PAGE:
PUBLISHED BY Brindle & Glass Publishing Ltd.
Teetering on stilettos, a drag queen saunters between oversized trucks and SUVs clogging the avenues of Whyte and Jasper. Her tight clothing and heavy makeup is contrasted against a mass of orange and blue hockey fans whose faces are caked with more powder than hers.
Hardened stereotypes set against overlooked sexual minorities clamouring to be heard is an age-old struggle, but the voice of the LGBTQ community in Alberta has long been present through the tradition of the Loud & Queer Cabaret, with the development of queer culture manifesting itself through various modes of art. After 20 years of L&Q success, the release of the accompanying anthology, Queering the Way is not only an affirmation of queer culture, but also an affirmation of life.
The anthology of writing — everything from cabarets to one-acts plays to beat poems — is categorized into three distinct sections: “Queering the Way Into Forbidden Landscapes,” “Queering the Way by Voicing Otherness” and “Queering the Way by Creating New Artistic Landscapes.” Editor Darrin Hagan makes an effective decision dividing the anthology up, as different emotions are spread evenly throughout, all the while representing a collective movement towards change in new climates.
Twenty-two different artists contribute to the anthology, all with different perspectives. The LGBTQ community has, in the last 20 years, not only firmly planted itself in Alberta’s culture, but also become a centre for the creation and celebration of queer art.
Humour punctuates the anthology despite the heavy subject matter of some works. Playwright Rosemary Rowe’s in-depth analysis of Anne of Green Gable’s sexuality (“The romantic, or ‘bosom’ friends, Anne Shirley and Diana Barry were, in fact, totally doing it”), opens the book, deeming Anne of Green Gables to be the only novel of the period to be “subversive and rich in codified lesbian information.” Rowe creates an entertaining argument with interesting results.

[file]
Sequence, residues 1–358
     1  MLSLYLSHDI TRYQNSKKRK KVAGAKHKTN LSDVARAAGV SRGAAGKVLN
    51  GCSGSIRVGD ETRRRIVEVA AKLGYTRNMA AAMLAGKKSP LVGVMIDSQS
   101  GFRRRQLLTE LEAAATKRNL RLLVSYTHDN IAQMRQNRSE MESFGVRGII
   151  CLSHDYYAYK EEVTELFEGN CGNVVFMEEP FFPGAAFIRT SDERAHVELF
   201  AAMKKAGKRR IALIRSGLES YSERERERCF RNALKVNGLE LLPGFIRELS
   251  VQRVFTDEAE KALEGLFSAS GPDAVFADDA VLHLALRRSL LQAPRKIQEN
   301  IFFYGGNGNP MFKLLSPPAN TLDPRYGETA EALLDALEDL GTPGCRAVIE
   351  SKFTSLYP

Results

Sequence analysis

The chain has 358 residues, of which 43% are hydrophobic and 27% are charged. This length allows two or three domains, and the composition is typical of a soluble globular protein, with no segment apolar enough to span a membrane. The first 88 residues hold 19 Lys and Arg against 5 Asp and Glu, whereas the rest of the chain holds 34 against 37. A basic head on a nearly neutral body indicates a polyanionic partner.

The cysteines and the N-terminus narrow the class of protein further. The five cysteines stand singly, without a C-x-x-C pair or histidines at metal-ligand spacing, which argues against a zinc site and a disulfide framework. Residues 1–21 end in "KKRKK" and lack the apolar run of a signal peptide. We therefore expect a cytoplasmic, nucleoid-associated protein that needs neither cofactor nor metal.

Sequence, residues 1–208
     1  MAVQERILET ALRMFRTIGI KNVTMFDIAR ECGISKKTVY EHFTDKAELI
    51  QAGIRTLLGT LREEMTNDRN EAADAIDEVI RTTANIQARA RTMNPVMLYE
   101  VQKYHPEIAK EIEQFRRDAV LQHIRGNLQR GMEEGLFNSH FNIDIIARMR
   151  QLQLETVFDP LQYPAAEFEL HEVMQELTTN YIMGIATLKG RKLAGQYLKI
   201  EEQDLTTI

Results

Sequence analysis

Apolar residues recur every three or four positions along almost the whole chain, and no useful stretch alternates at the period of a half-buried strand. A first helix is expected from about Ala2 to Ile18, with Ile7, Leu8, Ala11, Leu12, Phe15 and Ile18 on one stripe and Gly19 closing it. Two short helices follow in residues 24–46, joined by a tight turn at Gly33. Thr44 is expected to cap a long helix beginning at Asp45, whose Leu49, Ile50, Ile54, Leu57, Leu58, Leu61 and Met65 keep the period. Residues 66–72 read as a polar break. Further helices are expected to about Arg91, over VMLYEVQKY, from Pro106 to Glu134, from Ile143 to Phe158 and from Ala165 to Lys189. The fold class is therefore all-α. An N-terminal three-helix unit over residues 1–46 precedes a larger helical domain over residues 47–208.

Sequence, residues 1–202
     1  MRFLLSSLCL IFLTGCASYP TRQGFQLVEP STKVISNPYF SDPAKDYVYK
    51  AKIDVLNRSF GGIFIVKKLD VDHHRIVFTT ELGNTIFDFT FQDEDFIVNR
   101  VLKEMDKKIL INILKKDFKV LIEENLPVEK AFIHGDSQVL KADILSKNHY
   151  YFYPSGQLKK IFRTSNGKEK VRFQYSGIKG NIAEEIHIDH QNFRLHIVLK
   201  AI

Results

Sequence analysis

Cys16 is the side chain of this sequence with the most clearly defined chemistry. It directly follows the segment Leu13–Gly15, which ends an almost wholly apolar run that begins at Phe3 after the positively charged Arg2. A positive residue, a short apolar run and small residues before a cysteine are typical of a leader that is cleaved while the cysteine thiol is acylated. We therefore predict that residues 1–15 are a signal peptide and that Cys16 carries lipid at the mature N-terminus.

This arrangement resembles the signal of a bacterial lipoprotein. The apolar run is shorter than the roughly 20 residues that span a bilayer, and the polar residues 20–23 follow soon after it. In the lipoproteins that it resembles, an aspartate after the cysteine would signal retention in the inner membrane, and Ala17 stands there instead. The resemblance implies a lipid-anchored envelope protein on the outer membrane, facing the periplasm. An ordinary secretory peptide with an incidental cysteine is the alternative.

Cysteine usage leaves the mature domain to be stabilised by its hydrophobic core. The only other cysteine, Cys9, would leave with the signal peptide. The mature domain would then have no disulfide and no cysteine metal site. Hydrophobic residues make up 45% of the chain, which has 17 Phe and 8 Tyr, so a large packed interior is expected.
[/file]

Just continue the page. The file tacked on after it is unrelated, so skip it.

On its richest level, this book is a testament to both the pain and joy that affects people’s lives. Diving into difficult subjects that society would rather skirt around, the anthology also expresses an exposed sense of fear.
Laurie MacFayden authors a beat poem entitled “for Theodore,” a frank reaction to a preacher’s eulogy that inaccurately depicted her friend. A powerful piece, it states, “we are all teetering on the edge of brokenness; we all have our trips in and out of the darkness.” The statement of the power of fear resonates throughout the piece. Whether by “a face in profile, a leer, a switchblade, a baseball bat,” or by the “dancing denizens” of a nightclub “never once acknowledging (one’s) presence,” the poem demonstrates a community facing fear with the utmost courage.
To take in a collective work, especially one so diverse as the Loud & Queer Anthology, is not an easy task. There are so many different points of life addressed in such a small, innocent-looking volume that it can be overwhelming. Yet because of this, it bursts with life. Queering the Way is a resounding work, with the utterly unmistakable qualities of authenticity and pride.
On this special short edition of The Gateway Presents, we celebrate the Gateway’s 103rd birthday by telling some birthday stories and talking about The Gateway’s history.
Since this is a music blog and not an exhausted-consideration-on-moments-in-my-life Tumblr blog, what better way to gain some clarity to what I’ve listened to in the past 11 months than order and number songs (one for each month) that I’ve found to be the best and most worthwhile from the past eleven months?
Pandas basketball player and starting point guard Jessilyn Fairbanks didn’t always envision herself leading one of the hottest teams in CIS. In fact, Fairbanks’ path — from Alberta Colleges Athletic Conference (ACAC) standout to leading the charge for the Pandas on both ends of the court — has become one of the more intriguing storylines in varsity sports this year.
The statistics are staggering. In the last 10 years, the University of Alberta Students’ Union has had only two female presidents, and out of 50 executives only 11 were women.
What renowned paleontologist Phillip Currie initially thought was a turtle shell poking out of the ground turned out to be an almost fully intact baby dinosaur — and one of the most significant finds of his career.